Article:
espite Sri Lanka currently not being in a state of war and not facing foreign invasion, the country is ceaselessly engaged in cyber warfare, and a gap in the lines may bring the country’s economy to its knees, Central Bank Governor, Ajith Nivard Cabraal said.
Cabral expressed his views on protecting our cyber presence, especially in the banking sector from such attacks during the launch of Bank Computer Security Incident Readiness Team (Bank CSIRT) yesterday, a body formed to prevent cyber attacks on banks.
“Banks must maintain integrity, and protect sensitive privileged information, or the public will lose faith in the institutions. Therefore The Central Bank is committed to maintaining stability in the banking system,” Cabraal noted.
Secretary to the President, Lalith Weeratunga who delivered the keynote speech said, CSIRT is “one of the most important things in modern internet and banking.”
He stated that previously, if attacks originated within the country, they were easy to isolate due to the relatively fewer Information and Communication Technology (ICT) users compared with the present.
He also revealed that many people have been victims of cyber attacks recently, divulging their personal and financial information, and even transferring funds to the account of the attackers.
“Invasion of information systems occur daily, however, a sudden spike in major phishing attacks, over 250, were recorded during the recent turbulence in Aluthgama, with attackers attempting to take advantage of the chaos.”
Banks must maintain integrity, and protect sensitive privileged information, or the public will lose faith in the institutions
However, Weeratunga said the Computer Emergency Readiness Team | Coordination Centre (CERT|CC) the national CERT which created CSIRT was up to the challenge of protecting the country’s data, and act as the country’s front line soldiers, fighting the war thanklessly, away from the public eye.
CERT|CC was established in 2008, following the implementation of the Computer Crimes Act in 2007, and Weeratunga expressed his disappointment over the lack of public focus and awareness of such a critical Act compared to others.
The 2007 Act was derived from the Council of Europe’s Convention on Cybercrime 2001, also known as the Budapest Act. In a move to become integrated with the global cyber security efforts, the Cabinet of Sri Lanka this year became a signatory of the Budapest Convention.
“The presence of cyber terrorism and cyber laundering have increased globally, while the types of threats encountered evolve in complexity daily, and a high price will have to be paid if the country’s ICT network collapses,” said Weeratunga.
He said that ICT allowed the public new convenience, being able to transfer money before their morning cup of coffee, or withdrawing money from an ATM on their way to work.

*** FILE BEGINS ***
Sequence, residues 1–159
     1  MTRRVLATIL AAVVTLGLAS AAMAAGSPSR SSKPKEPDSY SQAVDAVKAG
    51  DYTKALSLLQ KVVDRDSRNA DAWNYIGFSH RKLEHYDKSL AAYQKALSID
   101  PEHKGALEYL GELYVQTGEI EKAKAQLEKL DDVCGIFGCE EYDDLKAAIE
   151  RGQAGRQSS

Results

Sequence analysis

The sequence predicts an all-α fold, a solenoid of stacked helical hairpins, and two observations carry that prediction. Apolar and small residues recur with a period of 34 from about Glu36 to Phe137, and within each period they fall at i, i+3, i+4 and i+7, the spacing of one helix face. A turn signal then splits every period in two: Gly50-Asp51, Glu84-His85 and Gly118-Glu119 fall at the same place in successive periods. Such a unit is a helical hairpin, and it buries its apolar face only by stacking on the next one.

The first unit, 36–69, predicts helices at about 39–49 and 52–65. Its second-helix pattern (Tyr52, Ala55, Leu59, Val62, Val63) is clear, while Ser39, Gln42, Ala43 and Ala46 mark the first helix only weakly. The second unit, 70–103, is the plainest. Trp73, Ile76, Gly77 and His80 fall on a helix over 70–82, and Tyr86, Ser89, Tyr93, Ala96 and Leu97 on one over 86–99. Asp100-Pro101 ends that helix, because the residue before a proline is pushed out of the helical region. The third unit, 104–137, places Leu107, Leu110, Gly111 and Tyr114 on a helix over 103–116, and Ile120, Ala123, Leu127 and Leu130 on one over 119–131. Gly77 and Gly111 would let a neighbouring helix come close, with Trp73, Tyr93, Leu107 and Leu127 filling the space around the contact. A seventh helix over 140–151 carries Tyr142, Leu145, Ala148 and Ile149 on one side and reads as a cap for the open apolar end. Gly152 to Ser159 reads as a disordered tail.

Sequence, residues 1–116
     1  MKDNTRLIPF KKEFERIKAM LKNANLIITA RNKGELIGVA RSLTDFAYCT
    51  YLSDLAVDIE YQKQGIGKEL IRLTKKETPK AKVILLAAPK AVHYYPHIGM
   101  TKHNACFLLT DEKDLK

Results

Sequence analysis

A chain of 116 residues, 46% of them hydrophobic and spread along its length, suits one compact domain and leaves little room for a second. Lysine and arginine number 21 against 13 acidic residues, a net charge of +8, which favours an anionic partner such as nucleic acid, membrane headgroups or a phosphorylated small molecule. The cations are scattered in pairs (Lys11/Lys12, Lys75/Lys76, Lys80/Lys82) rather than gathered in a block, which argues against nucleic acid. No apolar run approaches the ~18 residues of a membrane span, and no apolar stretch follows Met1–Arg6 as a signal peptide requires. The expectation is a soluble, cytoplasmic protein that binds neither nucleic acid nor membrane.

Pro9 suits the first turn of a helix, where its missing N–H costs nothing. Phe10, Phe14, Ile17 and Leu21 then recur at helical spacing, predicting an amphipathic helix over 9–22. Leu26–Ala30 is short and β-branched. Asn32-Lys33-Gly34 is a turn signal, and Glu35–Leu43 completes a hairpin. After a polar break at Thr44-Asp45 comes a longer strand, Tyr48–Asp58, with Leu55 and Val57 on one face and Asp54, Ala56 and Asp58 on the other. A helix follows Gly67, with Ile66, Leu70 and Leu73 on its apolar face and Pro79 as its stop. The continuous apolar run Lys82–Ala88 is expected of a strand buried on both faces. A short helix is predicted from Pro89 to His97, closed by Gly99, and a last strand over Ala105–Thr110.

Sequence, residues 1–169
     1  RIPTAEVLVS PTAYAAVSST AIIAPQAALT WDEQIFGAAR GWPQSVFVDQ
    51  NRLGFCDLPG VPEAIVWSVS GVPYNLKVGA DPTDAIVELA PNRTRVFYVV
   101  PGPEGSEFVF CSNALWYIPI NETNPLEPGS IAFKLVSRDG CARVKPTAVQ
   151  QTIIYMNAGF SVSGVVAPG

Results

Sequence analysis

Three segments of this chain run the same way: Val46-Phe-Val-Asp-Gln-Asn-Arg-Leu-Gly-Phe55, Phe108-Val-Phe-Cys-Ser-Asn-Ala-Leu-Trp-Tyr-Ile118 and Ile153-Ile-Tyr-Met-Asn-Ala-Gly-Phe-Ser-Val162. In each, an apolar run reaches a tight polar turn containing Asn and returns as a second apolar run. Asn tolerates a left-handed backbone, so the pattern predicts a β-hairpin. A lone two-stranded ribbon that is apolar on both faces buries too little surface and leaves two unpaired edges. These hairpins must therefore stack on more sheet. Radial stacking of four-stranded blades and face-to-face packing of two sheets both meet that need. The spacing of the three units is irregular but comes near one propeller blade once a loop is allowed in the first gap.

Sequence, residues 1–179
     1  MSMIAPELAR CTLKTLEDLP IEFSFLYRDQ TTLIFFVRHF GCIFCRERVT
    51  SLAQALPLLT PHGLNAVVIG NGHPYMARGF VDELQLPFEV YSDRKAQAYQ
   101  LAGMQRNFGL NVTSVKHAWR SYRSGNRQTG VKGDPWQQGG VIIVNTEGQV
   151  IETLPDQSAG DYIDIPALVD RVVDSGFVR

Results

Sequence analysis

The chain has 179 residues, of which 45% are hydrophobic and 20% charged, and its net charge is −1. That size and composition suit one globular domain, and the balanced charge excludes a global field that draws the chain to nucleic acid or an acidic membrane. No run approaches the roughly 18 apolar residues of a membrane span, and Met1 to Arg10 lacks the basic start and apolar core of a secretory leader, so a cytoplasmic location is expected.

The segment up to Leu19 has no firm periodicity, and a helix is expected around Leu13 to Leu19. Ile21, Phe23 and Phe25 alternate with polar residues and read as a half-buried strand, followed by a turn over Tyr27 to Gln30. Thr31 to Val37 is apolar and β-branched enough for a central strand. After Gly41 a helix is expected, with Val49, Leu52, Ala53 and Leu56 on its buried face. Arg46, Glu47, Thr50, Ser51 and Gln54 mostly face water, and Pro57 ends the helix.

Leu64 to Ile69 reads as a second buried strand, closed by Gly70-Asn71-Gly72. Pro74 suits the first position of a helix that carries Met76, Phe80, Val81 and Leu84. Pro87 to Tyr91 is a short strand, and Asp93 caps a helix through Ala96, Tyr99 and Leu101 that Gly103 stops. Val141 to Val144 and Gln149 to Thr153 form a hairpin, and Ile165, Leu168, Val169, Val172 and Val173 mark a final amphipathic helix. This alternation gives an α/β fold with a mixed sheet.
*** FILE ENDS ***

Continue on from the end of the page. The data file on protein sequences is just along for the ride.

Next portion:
He concluded his speech saying that ICT must be taken to the rural areas and that the wide ICT networks that are being created should be fully utilized, giving the public simple knowledge in using it.
Invasion of information systems occur daily, however, a sudden spike in major phishing attacks, over 250, were recorded recently
According to a government survey last year, ICT literacy- which in the modern age is also factored in with general literacy in the country rose to 45 percent, from just 3 percent in 2005.
Sri Lanka’s efforts towards increasing cyber security was recognized by the UN in the 2014 United Nations eGovernment Development Index, according to which, the country has advanced 41 places to the 74th position.
Bank CSIRT was launched by LankaClear (Pvt) Ltd; a company owned jointly by The Central Bank of Sri Lanka and all Commercial Banks, and the country’s CERT. The goal of this new organization is to protect all banks within the country from cyber attacks.
“Some banks have more sophisticated security while many are less privileged banks with not much resources. Yet attacks are common on them all, and resolving issues in isolation is not enough,” said Sunimal Weerasooriya, GM/CEO of LankaClear addressing CEOs and CIOs of banks who were present.
CSIRT will allow all banks to share instances of cyber attacks, fraud information and other issues, while also allowing the registration of 3rd party security providers and instant response to attacks.
He did reassure that “even though banks will share information with CSIRT, sensitive information of customers will not be shared.” A new secure website was launched, allowing financial institutions to report about attacks.
CSIRT will implement updates from International CERT organizations; over 400 composed of both national and private institutes, including from Google and governments of USA, Japan and South Korea.
Finally, speaking of the future of CSIRT, he envisioned Banks establishing private Security Operation Centres (SOCs) in collaboration as well as creating a centralized SOC to take part in the ongoing battle for cybersecurity.
CERT wishes to establish CSIRTs for Military, Education and Internet Services in the near future.